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The Dearness of Life

Re: Lawrence Henry’s A Sprint to a Transplant:

No, Lawrence Henry, you have not become a “bore.” Your pieces are the ones that stay with me. While political and policy debates are important, conservatives know there is a deeper level, where you have been privileged (cursed? chosen?) to travel.

When the hands on the prom clock sweep toward midnight and the DJ calls last dance the wallflower plucks up his courage and asks his dream girl to dance. She likely says no, but if yes then the next three-and-a-half minutes of pop song are moments of eternal splendor. He may never be more in the moment than that life-or-death time. The taciturn middle-aged farmer coaxed into remembrance of that moment will wax tersely rhapsodic as he steals a fervent glance at the house by the field where that lady now lives, like a man gripped by the Spirit and speaking in tongues words that are not his own.

I think the dearness of life you’ve been forced to experience has you speaking in tongues to us. Praise to the great Author for giving you words.

I’m acquainted with the cause of your travail: last year my mother died after decades of kidney disease, but not before her transplant gave her another 15 years, including a decade to love grandchildren.

She suffered the cruelty of a chronic disease that lasts for years, like long lonely dark nights of digging, never knowing if morning would find a grave or a fresh flower bed.

She didn’t give her grandchildren glorious pearls of wisdom from one bravely facing down death over and over again. Instead she quietly gave them the gift of being completely in their moments. Unprompted, they remember her unforgettably as the one person who “really listened” to them; and because of that they know what it is like to be unconditionally loved.

While their Dad fussed like Martha over better sippy cups and car seats, Grandma listened to the grandkids like Mary at the feet of the Rabbi, and they received a portion that would never be taken away from them.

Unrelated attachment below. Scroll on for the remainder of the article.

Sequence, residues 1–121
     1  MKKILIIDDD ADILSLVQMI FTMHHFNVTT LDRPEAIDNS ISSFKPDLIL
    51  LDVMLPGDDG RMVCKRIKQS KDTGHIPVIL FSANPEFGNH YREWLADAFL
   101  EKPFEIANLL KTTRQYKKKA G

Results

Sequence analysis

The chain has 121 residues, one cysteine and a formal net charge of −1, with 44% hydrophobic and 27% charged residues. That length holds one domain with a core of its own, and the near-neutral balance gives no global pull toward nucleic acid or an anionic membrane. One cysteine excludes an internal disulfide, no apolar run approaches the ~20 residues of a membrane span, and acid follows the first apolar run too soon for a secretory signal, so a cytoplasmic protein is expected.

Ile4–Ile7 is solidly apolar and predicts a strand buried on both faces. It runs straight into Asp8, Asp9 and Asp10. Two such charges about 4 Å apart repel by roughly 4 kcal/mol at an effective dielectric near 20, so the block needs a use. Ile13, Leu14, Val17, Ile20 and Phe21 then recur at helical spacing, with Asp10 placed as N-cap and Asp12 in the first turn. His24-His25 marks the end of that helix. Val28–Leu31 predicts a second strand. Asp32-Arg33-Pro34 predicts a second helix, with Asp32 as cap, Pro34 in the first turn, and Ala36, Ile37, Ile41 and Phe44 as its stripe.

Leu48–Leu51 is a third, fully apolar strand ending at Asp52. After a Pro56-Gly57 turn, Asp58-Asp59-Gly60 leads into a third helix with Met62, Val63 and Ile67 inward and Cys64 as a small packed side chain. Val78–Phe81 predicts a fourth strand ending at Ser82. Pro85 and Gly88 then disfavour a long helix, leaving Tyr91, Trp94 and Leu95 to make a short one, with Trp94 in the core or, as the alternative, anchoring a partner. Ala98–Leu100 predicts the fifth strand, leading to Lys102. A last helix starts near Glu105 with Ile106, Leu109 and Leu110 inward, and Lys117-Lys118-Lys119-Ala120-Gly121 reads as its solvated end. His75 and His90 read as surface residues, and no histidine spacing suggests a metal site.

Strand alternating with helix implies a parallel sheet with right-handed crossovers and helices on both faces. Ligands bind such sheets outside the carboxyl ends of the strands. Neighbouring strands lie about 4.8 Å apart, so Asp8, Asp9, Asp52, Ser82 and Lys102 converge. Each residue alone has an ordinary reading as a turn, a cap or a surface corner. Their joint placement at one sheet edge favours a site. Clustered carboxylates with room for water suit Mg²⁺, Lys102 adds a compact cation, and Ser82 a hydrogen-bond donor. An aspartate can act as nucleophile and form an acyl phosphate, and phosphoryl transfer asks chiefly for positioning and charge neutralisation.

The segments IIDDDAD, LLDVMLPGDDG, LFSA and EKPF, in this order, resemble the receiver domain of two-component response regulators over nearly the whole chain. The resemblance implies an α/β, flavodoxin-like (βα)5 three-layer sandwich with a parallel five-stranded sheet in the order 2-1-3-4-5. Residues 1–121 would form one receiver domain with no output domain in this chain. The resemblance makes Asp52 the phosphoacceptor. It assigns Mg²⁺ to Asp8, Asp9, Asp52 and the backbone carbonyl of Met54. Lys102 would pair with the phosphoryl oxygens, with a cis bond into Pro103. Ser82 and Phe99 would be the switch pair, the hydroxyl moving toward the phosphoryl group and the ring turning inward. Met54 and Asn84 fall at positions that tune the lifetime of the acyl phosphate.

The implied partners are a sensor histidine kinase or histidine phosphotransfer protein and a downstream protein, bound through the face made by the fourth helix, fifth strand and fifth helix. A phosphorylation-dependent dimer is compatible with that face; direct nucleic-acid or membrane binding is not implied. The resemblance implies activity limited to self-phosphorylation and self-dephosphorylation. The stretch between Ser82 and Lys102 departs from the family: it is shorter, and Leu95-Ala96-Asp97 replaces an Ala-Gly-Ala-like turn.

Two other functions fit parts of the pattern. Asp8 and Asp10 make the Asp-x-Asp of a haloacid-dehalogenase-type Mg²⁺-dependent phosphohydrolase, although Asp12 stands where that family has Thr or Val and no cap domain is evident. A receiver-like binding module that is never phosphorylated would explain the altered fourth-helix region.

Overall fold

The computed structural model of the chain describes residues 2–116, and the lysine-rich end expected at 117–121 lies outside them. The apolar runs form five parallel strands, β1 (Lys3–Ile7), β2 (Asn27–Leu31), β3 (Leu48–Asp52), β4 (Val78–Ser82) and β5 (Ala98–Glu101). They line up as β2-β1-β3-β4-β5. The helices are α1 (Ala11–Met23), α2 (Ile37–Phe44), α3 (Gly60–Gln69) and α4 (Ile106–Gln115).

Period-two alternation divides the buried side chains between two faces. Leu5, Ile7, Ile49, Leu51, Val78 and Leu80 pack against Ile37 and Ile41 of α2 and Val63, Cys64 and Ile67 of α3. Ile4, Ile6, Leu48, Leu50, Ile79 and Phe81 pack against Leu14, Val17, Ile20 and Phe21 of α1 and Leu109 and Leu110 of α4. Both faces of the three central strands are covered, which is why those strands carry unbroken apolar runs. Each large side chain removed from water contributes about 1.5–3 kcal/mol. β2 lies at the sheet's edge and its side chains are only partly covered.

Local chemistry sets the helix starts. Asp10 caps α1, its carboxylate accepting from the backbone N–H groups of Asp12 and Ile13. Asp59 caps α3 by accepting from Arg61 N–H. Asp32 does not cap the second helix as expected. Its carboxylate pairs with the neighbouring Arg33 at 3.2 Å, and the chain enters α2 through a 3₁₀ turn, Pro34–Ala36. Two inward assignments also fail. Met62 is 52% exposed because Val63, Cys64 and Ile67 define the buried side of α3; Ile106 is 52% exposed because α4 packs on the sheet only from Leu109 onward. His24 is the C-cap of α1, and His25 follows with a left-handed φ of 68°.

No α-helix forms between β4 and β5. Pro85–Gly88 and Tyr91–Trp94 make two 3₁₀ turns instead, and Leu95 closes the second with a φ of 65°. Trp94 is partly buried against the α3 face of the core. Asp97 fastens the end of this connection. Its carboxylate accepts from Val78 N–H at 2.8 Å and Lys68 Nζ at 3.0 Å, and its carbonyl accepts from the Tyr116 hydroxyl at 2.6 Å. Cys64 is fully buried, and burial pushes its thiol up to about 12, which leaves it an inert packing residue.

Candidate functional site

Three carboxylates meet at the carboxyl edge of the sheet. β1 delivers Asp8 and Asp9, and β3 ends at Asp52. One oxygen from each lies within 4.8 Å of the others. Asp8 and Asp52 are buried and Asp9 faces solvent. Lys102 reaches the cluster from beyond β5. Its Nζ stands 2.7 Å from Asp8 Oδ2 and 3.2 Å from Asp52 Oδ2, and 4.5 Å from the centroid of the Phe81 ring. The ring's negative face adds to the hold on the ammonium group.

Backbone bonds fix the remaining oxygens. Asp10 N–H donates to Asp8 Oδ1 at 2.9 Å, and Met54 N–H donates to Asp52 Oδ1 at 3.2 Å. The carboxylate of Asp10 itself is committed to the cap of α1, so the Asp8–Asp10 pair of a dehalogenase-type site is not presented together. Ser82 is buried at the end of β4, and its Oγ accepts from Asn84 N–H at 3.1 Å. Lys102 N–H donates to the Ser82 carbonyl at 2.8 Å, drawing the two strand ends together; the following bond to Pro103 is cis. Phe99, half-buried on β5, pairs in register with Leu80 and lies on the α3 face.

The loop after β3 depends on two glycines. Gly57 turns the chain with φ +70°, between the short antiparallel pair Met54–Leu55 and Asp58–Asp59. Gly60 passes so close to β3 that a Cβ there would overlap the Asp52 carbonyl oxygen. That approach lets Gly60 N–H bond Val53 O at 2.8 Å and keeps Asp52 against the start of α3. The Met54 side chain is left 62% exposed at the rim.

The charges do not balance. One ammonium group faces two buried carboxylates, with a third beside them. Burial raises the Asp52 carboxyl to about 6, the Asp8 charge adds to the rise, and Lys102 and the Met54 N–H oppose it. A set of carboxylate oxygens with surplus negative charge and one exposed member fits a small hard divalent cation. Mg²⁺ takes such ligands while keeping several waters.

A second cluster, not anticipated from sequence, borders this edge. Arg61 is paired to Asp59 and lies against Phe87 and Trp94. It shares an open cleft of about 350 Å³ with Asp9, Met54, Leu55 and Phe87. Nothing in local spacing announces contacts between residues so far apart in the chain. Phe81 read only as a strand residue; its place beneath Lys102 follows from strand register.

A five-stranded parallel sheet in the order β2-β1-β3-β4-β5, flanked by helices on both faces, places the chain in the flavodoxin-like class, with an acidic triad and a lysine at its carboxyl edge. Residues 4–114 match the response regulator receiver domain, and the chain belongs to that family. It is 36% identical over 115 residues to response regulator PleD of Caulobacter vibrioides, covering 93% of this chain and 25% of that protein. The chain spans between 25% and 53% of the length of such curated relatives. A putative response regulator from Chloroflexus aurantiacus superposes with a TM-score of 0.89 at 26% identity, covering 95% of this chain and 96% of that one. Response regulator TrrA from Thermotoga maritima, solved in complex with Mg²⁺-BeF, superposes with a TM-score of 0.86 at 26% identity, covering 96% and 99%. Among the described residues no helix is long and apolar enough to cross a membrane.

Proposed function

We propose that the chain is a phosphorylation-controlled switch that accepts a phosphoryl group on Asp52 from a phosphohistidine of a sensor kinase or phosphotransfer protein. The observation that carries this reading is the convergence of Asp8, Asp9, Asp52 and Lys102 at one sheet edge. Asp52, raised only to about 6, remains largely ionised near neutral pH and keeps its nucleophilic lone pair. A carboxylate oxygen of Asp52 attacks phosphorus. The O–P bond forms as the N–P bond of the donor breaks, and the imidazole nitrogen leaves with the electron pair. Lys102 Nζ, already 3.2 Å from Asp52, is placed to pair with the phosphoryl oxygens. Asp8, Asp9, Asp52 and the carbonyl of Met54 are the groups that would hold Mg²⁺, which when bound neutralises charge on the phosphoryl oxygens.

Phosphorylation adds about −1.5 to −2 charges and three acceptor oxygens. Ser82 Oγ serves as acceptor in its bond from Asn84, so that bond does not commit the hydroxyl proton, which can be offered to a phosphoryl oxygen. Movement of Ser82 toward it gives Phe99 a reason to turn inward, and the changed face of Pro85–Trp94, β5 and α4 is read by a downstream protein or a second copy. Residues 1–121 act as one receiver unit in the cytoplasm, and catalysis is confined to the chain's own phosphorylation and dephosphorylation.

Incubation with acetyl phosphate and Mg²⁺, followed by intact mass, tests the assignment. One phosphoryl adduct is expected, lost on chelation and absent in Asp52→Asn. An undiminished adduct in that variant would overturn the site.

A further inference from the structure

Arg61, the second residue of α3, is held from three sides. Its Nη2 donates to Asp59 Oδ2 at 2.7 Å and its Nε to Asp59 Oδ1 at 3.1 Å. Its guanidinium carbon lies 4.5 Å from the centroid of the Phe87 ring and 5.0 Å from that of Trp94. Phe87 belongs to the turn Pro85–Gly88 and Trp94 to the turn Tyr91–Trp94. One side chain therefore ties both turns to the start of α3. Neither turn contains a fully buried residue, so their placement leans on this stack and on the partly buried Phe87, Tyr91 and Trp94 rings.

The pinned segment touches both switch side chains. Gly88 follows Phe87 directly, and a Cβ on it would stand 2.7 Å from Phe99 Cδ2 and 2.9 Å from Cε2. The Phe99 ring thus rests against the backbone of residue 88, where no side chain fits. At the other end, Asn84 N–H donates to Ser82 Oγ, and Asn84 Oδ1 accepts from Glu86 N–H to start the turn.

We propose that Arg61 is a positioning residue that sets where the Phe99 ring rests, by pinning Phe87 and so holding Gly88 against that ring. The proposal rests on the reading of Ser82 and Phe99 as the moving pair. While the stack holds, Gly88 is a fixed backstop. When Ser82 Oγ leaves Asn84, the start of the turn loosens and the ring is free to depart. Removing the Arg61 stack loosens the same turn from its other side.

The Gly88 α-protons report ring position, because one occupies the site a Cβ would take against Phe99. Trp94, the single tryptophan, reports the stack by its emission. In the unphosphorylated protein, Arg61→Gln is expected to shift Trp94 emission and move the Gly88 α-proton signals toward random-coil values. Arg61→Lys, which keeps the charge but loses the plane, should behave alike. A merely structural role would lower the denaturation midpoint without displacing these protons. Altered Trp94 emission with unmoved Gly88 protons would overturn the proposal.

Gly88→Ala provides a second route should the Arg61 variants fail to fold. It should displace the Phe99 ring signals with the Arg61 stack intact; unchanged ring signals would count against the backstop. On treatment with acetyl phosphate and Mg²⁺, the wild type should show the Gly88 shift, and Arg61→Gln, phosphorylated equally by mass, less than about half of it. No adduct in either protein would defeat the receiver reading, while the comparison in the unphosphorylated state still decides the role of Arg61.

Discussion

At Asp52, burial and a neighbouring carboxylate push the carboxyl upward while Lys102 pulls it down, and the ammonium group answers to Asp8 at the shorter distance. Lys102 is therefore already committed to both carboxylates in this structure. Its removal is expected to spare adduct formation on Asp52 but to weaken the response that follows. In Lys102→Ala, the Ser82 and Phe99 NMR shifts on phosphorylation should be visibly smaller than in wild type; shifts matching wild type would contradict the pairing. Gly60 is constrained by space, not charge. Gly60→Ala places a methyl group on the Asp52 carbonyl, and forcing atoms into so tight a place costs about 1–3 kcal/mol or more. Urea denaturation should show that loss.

My mother held on and postponed trading in her painfully frail body for a body of glorious light, until she’d given what she could to those grandkids. At the last moment I whispered into her semi-conscious ear: “It’s okay Mom. You’ve given everything. You can go on.”

It is a little bit like that love when a writer stands before the thousands in his readers’ amphitheater wearing a ridiculous hospital gown, worse than naked, saying “Here are my wounds. Here are my travails. Not sure what It All means, but here are some things on my heart and some things I’ve observed. Not sure what the clock reads. I’m hoping I come through this. But what moments I have — they are yours.”

We’ll pray for success. We’re not done listening to you.
Eric Richter
Grand Rapids, Michigan

Henry David Thoreau observed, “Most men lead lives of quiet desperation and go to the grave with the song still in them.”

Mr. Henry, you have never bored us. You have sung your song, and your loyal readers, hope for your healthy return so you can sing your song about matters of life and death for a long while. Repeating a refrain with subtle changes and added nuance is the goal of jazz masters, and also many a good writer.
Ira M. Kessel
Rochester, New York

Far from boring your readers, you are doing a great service writing about your experience with the IVIG protocol at Cedars. Lives should be saved.

My daughter had a PRA of 87% and was reacting to my tissue and we were told at our transplant center in San Francisco two years ago that she would reject my kidney and those of her father and two uncles and would have to remain on dialysis, probably until she died since her PRA was so high.

Finally, a nurse at her dialysis clinic, after hearing that we were given no hope, told Soraya that he knew there were protocols that corrected the antibody problem and suggested she go on line and research it herself. She found Cedars-Sinai and called there and made an appointment for us to be evaluated. Within two weeks we were in LA and after taking blood from both of us and placing it in a test tube with IVIG, they told us they believed the protocol would work for her.

It is still inexplicable that her doctors at two major transplant centers in San Francisco insisted that they had never heard about the High dose IVIG protocol developed at Cedars. It went through NIH trials and has been approved and paid for by Medicare since 2004. Dr. Jordan and his co-inventor, Dolly Tyan who is now at Stanford where they offer exactly the same protocol, have published their results in all the major transplant journals and presented at the American Transplant Congress for years.